However, I still have a slight problem, in that my veins don’t realise I’ve recovered from the phobia, and they still faint dead away at the sight of a hypodermic. I have what is known in the business as “weak” veins, easily collapsible, and the main reason I will never make a good heroin addict. As such, I’m routinely used as a pincushion by phlebotomists, who usually go twice in the left arm, three times in the right arm and then return in despair to the left arm before any blood is actually extracted. On one memorable occasion, it had to be pulled out of my foot.

So yesterday morning I was very much looking forward to being prodded and poked, mainly because at the end of it all I would have a nice selection of fabulous bruises, all the better to freak people out with, and maybe even get some money if I pretend to have an illness and they organise an impromptu fundraiser in order to send me to Disneyland before I die. But no such luck.

I sat and waited for 20 minutes and then my number - we were given numbers, it was like some kind of sick raffle - was called, and I went to receive my prize. The nurse didn’t look at me as I sat down, and I tried to start up some kind of small talk which she steadfastly ignored and, almost without warning, jammed a needle into my arm, whipped out some blood and strapped some cotton wool on. Looking at me for the first time, she said “leave that on for about five minutes.” I started laughing.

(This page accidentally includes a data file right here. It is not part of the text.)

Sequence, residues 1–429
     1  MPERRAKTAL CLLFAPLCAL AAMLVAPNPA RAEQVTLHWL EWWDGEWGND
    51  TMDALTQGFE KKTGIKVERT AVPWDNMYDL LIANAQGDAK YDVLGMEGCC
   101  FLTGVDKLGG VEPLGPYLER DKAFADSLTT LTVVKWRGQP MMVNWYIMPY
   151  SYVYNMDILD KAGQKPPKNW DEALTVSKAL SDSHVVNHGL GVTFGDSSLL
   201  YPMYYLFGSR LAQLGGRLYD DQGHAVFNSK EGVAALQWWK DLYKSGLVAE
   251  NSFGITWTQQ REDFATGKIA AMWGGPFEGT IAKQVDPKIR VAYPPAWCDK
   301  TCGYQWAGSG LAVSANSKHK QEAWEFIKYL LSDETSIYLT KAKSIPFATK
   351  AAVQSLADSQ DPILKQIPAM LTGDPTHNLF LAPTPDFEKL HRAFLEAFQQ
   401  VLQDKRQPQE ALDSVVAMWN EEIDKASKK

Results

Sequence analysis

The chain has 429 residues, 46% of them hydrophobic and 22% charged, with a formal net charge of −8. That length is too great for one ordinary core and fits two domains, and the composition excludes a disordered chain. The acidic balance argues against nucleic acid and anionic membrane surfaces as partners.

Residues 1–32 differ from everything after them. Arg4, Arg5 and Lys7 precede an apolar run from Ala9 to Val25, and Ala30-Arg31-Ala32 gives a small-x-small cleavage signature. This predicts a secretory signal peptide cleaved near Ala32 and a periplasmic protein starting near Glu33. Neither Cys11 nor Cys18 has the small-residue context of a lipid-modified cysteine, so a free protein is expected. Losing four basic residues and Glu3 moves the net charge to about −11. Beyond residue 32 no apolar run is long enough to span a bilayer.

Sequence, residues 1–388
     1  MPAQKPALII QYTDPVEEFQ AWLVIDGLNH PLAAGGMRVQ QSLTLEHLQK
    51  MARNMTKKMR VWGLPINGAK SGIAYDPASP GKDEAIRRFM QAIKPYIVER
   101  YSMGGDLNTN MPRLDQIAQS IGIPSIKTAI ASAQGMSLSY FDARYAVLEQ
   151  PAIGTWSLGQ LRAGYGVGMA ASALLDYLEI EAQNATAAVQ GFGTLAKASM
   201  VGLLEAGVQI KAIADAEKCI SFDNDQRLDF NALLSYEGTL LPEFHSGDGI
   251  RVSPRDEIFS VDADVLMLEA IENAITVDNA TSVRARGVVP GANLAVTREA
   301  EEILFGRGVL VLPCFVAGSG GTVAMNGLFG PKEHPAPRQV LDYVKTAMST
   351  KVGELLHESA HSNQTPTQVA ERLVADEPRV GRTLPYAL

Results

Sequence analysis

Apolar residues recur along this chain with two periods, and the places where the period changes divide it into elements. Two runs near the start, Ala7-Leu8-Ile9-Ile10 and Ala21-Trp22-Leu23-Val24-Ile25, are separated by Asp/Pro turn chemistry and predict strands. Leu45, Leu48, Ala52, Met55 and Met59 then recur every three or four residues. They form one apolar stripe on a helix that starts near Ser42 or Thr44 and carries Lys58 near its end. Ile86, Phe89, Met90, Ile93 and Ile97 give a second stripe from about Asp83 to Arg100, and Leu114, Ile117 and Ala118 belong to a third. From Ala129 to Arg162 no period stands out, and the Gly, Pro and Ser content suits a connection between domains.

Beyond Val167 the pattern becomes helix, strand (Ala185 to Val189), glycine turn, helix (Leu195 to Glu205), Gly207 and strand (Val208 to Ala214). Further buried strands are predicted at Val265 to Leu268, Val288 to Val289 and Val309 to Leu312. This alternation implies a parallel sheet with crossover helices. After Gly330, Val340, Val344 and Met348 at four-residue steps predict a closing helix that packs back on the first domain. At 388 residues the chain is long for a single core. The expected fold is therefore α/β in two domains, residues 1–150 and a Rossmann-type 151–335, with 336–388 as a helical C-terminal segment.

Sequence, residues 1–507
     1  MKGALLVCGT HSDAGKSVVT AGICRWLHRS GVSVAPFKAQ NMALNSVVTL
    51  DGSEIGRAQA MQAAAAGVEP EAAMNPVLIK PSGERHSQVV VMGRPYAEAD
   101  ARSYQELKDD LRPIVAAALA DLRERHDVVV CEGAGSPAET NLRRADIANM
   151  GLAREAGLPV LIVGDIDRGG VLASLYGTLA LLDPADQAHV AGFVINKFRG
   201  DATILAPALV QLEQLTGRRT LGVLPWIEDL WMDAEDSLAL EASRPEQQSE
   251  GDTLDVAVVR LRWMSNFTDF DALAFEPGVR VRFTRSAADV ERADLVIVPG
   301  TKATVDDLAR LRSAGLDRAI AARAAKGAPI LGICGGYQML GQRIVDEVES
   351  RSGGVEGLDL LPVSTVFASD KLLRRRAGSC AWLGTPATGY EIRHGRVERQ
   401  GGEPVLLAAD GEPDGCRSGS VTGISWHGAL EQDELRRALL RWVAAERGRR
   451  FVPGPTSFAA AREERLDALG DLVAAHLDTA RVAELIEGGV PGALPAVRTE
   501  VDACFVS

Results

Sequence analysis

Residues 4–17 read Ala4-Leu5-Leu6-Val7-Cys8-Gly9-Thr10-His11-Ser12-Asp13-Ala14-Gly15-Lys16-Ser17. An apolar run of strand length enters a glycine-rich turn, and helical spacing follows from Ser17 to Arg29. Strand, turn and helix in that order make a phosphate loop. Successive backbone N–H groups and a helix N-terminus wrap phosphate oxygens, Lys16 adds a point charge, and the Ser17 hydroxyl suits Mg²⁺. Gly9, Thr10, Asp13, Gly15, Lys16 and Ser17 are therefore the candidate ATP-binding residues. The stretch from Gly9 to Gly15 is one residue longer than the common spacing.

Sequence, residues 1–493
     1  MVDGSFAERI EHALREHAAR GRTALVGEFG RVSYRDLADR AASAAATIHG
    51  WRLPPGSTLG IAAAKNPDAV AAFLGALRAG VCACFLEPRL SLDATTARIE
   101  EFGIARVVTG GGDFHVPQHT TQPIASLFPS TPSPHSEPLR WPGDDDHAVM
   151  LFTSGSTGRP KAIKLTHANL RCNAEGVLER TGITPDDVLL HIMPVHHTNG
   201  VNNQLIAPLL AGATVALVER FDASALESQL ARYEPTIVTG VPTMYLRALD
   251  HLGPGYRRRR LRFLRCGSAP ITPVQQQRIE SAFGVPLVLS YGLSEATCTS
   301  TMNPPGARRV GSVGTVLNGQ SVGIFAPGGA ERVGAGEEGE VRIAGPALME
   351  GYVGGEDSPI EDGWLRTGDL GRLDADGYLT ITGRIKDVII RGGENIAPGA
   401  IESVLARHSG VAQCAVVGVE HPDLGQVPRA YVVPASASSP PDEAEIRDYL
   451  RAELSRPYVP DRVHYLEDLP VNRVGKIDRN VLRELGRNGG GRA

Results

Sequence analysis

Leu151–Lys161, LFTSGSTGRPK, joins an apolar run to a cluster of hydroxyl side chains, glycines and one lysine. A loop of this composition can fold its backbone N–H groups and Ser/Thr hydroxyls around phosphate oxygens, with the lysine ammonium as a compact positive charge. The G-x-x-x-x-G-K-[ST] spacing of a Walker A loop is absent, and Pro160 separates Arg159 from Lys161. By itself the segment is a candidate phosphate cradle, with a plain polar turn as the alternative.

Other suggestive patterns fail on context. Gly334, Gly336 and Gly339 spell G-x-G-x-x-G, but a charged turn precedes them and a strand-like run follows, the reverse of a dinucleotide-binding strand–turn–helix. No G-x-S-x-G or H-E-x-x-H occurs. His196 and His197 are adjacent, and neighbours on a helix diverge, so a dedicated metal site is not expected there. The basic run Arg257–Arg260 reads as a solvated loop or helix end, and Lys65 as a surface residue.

She finally looked interested, and cocked an eyebrow at my obviously weird response. I told her no one had ever been able to do that before, that I’d been told since I was really young that I had bad veins.

“You have very good veins,” she said, “very good. They just didn’t know what they were doing.”

I’d like to nominate that lady for a knighthood, please.